U.S. Pat. No. 3,805,493 teaches the use of a copolymer of divinylbenzene and ethylvinylbenzene for the removal of vaporous hydrocarbons, for example from motor vehicle fuel tanks and carburators. This patent fails to teach the removal of cumene vapors from a vapor stream containing the same and further fails to teach that a pre-dried polymer of divinylbenzene and ethylvinylbenzene would be useable without a drying step after the desorption of cumene and subsequent reuse to adsorb cumene.
U.S. Pat. No. 3,531,463 teaches the preparation of a divinylbenzene/ethylvinylbenzene polymer and its use as an adsorbent. This patent, however, is not directed to the use of the adsorbent to recover cumene and further fails to teach the utility of a predried divinylbenzene/ethylvinylbenzene copolymer in cumene recovery.
U.S. Pat. No. 4,063,912 is directed to gaseous phase adsorption using partially pyrolyzed polymer particles. This patent discloses the use of partially pyrolyzed macroporous resins for cumene recovery. The patent shows the superiority of the partially pyrolyzed polymer particles to adsorb phenol when compared with a commercial adsorbent. This patent fails to teach that a divinylbenzene/ethylvinylbenzene/styrene polymer which has been predried would be effective in adsorbing cumene, and that, after desorption of the cumene with the steam, the polymer may be used without first drying the polymer.
U.S. Pat. No. 3,798,876 is directed to the abatement of air pollution from organic compounds using polymeric adsorbents. One of the polymeric adsorbents which is used is a copolymer of divinylbenzene and ethylvinylbenzene. This patent also teaches that after regeneration of the resin with steam, the resin is then dried by the sufficient passage of warm air. This patent also teaches that the copolymer of divinylbenzene and ethylvinylbenzene, under the conditions set forth in the patent, is not as effective as activated carbon in removing toluene, a homolog of cumene (column 5, table 4).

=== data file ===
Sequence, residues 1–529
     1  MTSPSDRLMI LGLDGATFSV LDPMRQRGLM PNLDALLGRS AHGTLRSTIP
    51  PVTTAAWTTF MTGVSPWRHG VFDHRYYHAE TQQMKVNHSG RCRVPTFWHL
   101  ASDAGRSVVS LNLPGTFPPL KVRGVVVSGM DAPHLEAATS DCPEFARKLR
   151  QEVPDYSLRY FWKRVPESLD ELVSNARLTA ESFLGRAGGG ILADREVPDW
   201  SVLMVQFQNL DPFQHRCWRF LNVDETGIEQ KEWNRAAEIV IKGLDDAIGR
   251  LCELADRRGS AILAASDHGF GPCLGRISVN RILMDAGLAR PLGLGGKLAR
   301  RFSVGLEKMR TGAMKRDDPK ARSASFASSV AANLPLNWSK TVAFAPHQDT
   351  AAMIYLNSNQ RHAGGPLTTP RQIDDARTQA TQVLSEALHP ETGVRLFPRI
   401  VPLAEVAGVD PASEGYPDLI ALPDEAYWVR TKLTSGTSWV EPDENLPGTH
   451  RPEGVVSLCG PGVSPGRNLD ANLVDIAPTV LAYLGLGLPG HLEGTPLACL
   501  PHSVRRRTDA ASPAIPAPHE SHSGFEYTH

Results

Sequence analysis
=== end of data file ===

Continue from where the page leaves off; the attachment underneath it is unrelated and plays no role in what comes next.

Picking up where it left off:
It is an object of this invention therefore, to provide a process for the removal of cumene from a cumene-containing vapor stream.
Another object of this invention is to provide a process for such removal of cumene wherein the adsorbent used may be regenerated with steam and may then by reused without the necessity for drying the adsorbent.
Other objects and advantages will become apparent from the following more complete description and claims.
Broadly, this invention contemplates a process for removing cumene vapors from a cumene containing vapor stream which comprises the steps of passing said vapor stream through a mass or bed of substantially dry hydrophobic, macroreticular, water insoluble, crosslinked polymer of from about 20% to 100%, by weight of the polymer, of divinylbenzene, the balance being ethylvinylbenzene or styrene or mixtures thereof but not more than 50% of either ethylvinylbenzene or styrene, until the capacity of the polymer to remove cumene is substantially exhausted, desorbing said cumene from said mass or bed of said polymer by passing steam through said mass or bed and again passing a cumene containing vapor stream through the wet mass or bed of polymer.
The term "polymer" or "polymeric adsorbent" as used hereinafter, means both the polymer and copolymer hereinafter defined.